Business, Finance & Economics

Ford opens new plant in China, aiming to double dealerships by 2015

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Expansion into China forms a key part of Ford’s plans to boost annual global sales by 50 percent to 8 million vehicles by 2015, and have one third of Ford’s deliveries in Asia by 2020.

Credit:

Bill Pugliano

Ford opened its third assembly plant in China on Friday, increasing the Detroit automaker’s manufacturing capacity in the country by a third and putting it on track to double the number of its dealerships there by 2015.

China is the world’s largest auto market. Ford’s new $490 million factory spans across 1 million square meters in the south-western city of Chongqing, and will increase the company’s passenger car capacity in the country by 600,000 vehicles annually, Fox Business reported.

“This new flexible plant will help give us the capacity to realize our aggressive growth plans for the world’s largest automotive market,” David Schoch, chairman of Ford China, said in a statement released by the company.

The factory’s production line will be able to manufacture six different vehicle types, Ford said, and the plant will focus on building the firm’s next-generation Ford Focus.

Expansion into China forms a key part of Chief Executive Alan Mulally’s efforts to boost annual global sales by 50 percent to 8 million vehicles by 2015, and have one third of Ford’s deliveries in Asia by 2020, according to Bloomberg.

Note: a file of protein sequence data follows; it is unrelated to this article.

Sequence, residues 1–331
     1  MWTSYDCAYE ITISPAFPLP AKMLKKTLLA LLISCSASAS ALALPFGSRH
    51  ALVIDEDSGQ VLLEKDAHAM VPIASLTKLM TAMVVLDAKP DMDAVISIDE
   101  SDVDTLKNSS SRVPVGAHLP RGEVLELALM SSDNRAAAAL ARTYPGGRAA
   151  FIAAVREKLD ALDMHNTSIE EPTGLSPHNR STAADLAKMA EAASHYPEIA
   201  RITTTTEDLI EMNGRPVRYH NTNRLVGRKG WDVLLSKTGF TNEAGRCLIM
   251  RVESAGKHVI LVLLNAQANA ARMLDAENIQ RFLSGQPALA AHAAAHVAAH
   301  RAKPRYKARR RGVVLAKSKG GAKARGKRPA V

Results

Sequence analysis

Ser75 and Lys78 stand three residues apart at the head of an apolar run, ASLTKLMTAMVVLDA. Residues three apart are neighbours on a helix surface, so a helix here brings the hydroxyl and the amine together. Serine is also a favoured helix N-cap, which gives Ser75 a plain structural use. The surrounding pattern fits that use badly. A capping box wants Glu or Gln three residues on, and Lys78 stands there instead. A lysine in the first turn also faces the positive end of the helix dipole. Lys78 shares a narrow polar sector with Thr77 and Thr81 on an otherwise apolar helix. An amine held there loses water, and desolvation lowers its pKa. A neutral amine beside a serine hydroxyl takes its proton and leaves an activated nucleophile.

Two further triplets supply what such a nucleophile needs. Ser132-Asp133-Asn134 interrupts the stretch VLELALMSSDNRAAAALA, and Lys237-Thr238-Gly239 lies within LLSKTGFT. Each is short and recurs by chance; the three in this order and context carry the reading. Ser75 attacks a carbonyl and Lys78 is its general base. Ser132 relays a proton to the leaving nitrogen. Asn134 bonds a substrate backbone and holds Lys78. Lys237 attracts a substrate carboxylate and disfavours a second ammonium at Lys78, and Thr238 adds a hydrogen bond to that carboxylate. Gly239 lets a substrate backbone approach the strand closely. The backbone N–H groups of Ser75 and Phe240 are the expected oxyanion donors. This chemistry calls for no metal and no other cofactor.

The company aims to bring 15 new models to China by 2015. It says Chongqing will become Ford’s second-largest manufacturing center in the world in terms of production capacity once two additional factories currently under construction are completed next year.

Ford is a relative latecomer to the Chinese market, and has had to push hard to make up ground lost to strong competitors like General Motors and Volkswagen.

The firm’s president for Asia-Pacific and Africa, Joe Hinrichs, told The Wall Street Journal in an interview last week that a drought of fresh products in China over the last two years had limited Ford’s growth.

The company sold 519,390 vehicles there in 2011, 7 percent more than the year before. However, Volkswagen’s sales in China jumped 18 percent to 2.26 million vehicles, and General Motors’ rose 8.3 percent to 2.55 million.